There were several ships waiting to pass through the Canal at both the Atlantic and Pacific entrances. Our ship was linked to two engines to guide us through. These engines cost approximately 3.5 million dollars each. The cost for the cruise ship to pass through the canal was $50,000. From the entrance to the canal, we passed through the Miraflores Locks and the Pedro Miquel Locks up to the level of Gatun Lake. The Gatun Locks began the process of lowering the ship to enter the Pacific ocean. We passed through the Gaillard Cut (formerly Culebra Cut) for eight miles. This was carved from rock and shale and was the scene of many slides during and after the construction of the Canal.

Wednesday, we docked at Puntarenas, Costa Rica and left early on a very nice Mercedes Benz bus to San Jose. with several stops along the way. Coffee plants were growing along the highway (Highways were very good). Poro trees are grown in the fields with the coffee plants to provide shade; these trees have orange blossoms, and the roadsides were covered with bougainvillea and other flowering plants, all with brilliant blossoms.

We drove around San Jose and stopped at a large old auditorium still in use. Much of it was imported from Spain; one of its features was the main floor that could be raised to the level of the stage area so that it could be used for dancing. In San Jose we also toured a museum where we saw pre­Columbian artifacts, spear heads and figures carved of stone.

On our return to the ship, we stopped at a village called Sarchi, where the colorful carts originated. These ox carts were used to haul coffee to the coast so that it could be shipped to foreign ports. Later these carts were painted with brilliant colors and designs and today are used for various celebrations. At a shop in Sarchi, we found tablets of banana paper and other craft items, as well as Costa Rican coffee (It is delicious). We saw military personnel in several places, mostly in small groups.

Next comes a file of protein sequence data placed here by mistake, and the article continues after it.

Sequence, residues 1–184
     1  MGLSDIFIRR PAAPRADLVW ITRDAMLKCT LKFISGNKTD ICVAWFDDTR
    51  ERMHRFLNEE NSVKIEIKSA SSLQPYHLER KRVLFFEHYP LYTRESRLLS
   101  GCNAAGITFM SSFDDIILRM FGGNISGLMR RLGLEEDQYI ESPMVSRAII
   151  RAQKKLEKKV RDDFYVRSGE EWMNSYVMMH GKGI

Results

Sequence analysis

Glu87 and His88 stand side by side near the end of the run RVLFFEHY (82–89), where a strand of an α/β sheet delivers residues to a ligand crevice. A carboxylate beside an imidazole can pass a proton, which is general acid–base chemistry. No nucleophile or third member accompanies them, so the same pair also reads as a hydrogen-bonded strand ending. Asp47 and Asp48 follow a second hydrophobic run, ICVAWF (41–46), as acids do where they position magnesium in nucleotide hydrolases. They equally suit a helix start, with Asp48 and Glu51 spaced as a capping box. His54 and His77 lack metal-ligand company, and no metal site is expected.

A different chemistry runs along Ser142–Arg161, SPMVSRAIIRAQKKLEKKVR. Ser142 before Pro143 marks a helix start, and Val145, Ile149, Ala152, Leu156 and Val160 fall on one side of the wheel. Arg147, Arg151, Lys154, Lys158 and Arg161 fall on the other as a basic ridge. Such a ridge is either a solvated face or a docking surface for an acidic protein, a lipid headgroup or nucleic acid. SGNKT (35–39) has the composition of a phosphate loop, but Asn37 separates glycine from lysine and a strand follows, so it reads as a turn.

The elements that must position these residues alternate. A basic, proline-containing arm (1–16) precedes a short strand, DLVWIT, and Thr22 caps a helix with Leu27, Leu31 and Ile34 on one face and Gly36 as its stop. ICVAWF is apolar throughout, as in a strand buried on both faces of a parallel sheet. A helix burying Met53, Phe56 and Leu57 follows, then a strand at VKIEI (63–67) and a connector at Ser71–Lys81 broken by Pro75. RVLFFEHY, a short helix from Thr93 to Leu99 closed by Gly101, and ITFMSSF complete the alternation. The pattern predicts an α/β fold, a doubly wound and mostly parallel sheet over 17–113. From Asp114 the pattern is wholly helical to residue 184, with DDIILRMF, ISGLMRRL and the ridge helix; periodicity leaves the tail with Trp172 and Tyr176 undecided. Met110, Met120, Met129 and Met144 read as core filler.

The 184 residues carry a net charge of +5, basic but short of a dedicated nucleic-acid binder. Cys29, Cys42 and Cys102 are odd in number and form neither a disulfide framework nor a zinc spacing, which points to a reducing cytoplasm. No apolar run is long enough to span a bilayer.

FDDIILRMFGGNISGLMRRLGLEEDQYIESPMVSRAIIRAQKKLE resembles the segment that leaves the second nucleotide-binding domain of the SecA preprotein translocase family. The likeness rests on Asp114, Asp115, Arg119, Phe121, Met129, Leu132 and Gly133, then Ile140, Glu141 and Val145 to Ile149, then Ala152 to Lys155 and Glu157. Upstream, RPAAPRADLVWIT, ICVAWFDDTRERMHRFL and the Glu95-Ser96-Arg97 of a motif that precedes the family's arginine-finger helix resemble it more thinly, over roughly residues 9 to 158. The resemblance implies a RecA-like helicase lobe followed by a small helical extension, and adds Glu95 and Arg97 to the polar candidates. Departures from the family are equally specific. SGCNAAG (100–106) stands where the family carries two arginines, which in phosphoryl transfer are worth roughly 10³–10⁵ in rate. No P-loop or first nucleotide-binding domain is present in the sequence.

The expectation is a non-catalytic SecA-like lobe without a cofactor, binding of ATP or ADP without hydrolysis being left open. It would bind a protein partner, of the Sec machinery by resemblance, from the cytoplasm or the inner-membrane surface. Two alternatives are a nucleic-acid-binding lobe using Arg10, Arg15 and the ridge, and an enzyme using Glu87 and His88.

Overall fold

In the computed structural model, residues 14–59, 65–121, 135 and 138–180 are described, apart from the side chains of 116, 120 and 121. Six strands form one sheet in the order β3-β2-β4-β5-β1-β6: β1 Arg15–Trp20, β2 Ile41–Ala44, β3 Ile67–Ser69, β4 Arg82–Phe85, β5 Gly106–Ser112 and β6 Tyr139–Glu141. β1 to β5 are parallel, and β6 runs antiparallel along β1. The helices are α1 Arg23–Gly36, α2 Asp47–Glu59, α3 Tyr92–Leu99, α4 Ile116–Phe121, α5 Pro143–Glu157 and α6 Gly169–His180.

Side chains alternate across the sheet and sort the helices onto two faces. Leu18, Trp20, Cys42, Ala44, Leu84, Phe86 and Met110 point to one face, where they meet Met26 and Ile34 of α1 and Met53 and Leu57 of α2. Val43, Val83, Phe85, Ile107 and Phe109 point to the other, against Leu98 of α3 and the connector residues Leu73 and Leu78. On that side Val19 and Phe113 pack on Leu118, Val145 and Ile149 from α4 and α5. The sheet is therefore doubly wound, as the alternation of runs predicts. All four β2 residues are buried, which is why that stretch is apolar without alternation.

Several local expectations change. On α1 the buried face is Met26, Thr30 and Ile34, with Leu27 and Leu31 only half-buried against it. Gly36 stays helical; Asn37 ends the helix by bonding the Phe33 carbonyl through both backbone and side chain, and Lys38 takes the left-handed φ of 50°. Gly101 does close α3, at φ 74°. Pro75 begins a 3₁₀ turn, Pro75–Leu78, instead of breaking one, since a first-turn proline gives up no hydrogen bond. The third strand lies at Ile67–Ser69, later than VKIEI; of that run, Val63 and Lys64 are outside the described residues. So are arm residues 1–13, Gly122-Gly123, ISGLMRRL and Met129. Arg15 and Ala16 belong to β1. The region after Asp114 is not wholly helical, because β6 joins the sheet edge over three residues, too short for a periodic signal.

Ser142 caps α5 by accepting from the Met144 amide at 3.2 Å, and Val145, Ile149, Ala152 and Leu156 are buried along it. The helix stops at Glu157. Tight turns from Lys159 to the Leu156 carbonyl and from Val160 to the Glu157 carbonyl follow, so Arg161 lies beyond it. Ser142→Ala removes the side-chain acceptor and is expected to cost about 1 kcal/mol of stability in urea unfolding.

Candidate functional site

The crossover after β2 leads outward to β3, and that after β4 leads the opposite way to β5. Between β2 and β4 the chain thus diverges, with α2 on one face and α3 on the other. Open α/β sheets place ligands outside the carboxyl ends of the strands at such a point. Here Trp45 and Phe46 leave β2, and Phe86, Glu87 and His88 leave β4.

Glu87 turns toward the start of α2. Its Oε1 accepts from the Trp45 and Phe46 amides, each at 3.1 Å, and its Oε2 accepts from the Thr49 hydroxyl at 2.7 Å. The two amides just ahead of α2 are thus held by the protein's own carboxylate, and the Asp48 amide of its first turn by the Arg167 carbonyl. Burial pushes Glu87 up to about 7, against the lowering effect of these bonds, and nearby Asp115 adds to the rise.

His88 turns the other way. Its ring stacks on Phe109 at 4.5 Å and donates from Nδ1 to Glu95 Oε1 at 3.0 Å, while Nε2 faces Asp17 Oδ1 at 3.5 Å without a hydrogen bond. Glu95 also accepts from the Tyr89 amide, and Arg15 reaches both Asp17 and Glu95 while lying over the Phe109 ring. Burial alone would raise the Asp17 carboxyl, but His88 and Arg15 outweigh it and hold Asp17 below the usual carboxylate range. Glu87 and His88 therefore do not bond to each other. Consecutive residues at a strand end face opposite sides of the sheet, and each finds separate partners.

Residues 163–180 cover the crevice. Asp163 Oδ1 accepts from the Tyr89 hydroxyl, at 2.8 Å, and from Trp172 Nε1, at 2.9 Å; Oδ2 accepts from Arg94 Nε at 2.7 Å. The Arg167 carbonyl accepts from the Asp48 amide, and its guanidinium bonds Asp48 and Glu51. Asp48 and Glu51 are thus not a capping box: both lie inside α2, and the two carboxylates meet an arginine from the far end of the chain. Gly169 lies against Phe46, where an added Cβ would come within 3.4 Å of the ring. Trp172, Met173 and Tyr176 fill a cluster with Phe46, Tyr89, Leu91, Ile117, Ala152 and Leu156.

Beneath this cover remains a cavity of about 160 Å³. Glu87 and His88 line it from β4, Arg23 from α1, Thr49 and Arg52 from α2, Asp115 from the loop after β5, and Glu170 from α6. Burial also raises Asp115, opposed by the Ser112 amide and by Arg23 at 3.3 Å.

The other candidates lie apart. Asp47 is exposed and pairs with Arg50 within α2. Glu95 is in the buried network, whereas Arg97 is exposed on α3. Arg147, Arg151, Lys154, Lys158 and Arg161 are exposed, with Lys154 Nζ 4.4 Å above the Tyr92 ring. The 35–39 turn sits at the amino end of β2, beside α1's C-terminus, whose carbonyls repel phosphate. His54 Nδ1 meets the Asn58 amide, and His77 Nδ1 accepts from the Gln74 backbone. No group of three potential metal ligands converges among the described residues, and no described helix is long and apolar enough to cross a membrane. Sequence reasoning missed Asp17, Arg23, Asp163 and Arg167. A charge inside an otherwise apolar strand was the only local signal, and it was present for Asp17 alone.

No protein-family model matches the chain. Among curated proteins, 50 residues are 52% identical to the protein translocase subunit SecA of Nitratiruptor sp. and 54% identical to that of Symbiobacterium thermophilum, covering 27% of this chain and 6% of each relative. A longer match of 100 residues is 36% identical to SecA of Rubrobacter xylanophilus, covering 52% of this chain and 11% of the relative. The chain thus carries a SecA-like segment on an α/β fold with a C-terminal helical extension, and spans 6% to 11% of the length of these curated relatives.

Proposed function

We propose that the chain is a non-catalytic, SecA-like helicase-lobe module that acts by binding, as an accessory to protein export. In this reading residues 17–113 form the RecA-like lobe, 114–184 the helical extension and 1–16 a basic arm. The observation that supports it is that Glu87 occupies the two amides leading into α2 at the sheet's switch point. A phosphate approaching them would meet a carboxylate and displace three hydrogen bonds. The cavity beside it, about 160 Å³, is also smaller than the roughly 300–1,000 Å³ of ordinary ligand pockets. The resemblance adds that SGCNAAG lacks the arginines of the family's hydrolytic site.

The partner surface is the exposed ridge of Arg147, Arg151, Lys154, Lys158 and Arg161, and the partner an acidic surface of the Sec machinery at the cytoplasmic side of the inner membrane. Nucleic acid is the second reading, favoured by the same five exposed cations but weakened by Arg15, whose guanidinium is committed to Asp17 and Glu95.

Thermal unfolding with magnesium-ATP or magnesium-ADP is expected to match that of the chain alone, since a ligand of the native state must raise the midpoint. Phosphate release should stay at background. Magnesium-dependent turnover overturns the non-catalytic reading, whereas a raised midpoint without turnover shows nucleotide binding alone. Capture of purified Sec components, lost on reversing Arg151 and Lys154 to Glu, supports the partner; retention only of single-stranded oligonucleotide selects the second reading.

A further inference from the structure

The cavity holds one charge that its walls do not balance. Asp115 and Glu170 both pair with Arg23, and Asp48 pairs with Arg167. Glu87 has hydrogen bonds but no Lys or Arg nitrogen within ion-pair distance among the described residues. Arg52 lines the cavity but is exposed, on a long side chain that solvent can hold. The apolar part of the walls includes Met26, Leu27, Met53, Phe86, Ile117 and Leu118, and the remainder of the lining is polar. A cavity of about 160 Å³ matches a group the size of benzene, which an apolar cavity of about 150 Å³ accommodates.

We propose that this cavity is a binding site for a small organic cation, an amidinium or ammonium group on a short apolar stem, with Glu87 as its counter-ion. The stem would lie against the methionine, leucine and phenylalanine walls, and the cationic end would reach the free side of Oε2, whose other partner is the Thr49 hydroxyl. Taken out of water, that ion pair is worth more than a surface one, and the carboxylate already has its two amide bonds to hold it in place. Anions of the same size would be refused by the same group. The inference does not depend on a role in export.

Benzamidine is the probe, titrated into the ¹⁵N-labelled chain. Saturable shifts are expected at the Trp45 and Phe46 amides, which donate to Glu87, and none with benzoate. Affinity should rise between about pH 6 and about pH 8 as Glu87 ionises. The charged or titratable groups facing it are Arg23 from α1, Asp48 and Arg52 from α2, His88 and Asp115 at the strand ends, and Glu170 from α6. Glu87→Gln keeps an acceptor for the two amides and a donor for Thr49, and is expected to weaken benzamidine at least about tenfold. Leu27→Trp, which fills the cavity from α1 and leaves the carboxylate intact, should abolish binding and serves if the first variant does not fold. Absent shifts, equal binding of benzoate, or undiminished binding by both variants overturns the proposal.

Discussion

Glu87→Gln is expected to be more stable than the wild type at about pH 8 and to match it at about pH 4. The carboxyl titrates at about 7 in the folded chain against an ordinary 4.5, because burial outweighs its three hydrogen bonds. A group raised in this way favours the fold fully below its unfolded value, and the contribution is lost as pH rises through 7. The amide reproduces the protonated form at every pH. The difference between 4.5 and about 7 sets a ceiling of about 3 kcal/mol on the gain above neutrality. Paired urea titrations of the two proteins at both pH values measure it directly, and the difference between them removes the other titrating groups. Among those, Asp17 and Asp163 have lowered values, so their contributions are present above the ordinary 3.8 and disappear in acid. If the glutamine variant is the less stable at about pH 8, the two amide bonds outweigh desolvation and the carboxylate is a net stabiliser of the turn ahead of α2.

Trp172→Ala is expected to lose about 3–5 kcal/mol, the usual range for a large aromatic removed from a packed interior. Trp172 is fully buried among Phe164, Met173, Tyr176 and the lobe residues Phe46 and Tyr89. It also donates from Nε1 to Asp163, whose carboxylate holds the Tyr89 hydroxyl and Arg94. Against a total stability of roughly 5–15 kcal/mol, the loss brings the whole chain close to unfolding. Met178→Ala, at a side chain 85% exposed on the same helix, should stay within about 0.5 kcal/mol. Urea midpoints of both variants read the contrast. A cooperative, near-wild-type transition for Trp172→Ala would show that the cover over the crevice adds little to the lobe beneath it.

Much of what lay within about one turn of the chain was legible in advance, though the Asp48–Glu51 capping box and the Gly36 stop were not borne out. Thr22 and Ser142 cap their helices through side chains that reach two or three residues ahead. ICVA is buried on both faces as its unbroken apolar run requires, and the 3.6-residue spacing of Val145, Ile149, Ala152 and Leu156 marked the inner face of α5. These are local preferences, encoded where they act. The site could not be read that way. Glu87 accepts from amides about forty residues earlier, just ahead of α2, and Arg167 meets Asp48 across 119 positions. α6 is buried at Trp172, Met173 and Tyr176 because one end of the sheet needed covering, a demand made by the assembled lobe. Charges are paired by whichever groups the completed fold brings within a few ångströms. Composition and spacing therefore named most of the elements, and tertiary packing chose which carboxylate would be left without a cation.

On our trip to San Jose, we saw a live volcano, though it was not showing very much activity on that day. Our tour guide, who was very good, explained that Costa Rica has several companies making micro chips and is very forward­looking in education and in its social security programs. There is much poverty in all of these countries, as is evident from the many shacks made of cardboard, corrugated metal and plywood; of course there is no sanitation or electricity in many areas.

Our last tour was to Antigua in Guatemala. It was formerly the capital of several provinces but, following an earthquake in 1700, was moved to Guatemala City. We drove around Antigua and saw many ancient churches and cathedrals. The streets were narrow cobblestone, and all windows had grillwork over them; we were not able to see the courtyards inside these buildings. We did, however, have a buffet lunch in a beautiful courtyard where there was a marimba band playing and tropical birds in the trees.

On this tour we also stopped at a jade manufacturing plant and store and saw the many colors of jade and, of course, lots of jewelry made from these stones. There were armed guards in many of the stores as we drove through the city.

Acapulco was our last stop before heading for the airport and home. We stopped to see the divers and drove around the city to see the homes of the rich and famous and the well­known Las Brisas resort.

All in all, it was an enjoyable trip to an interesting part of the world.

Posted to Zephyr Online April 3, 1999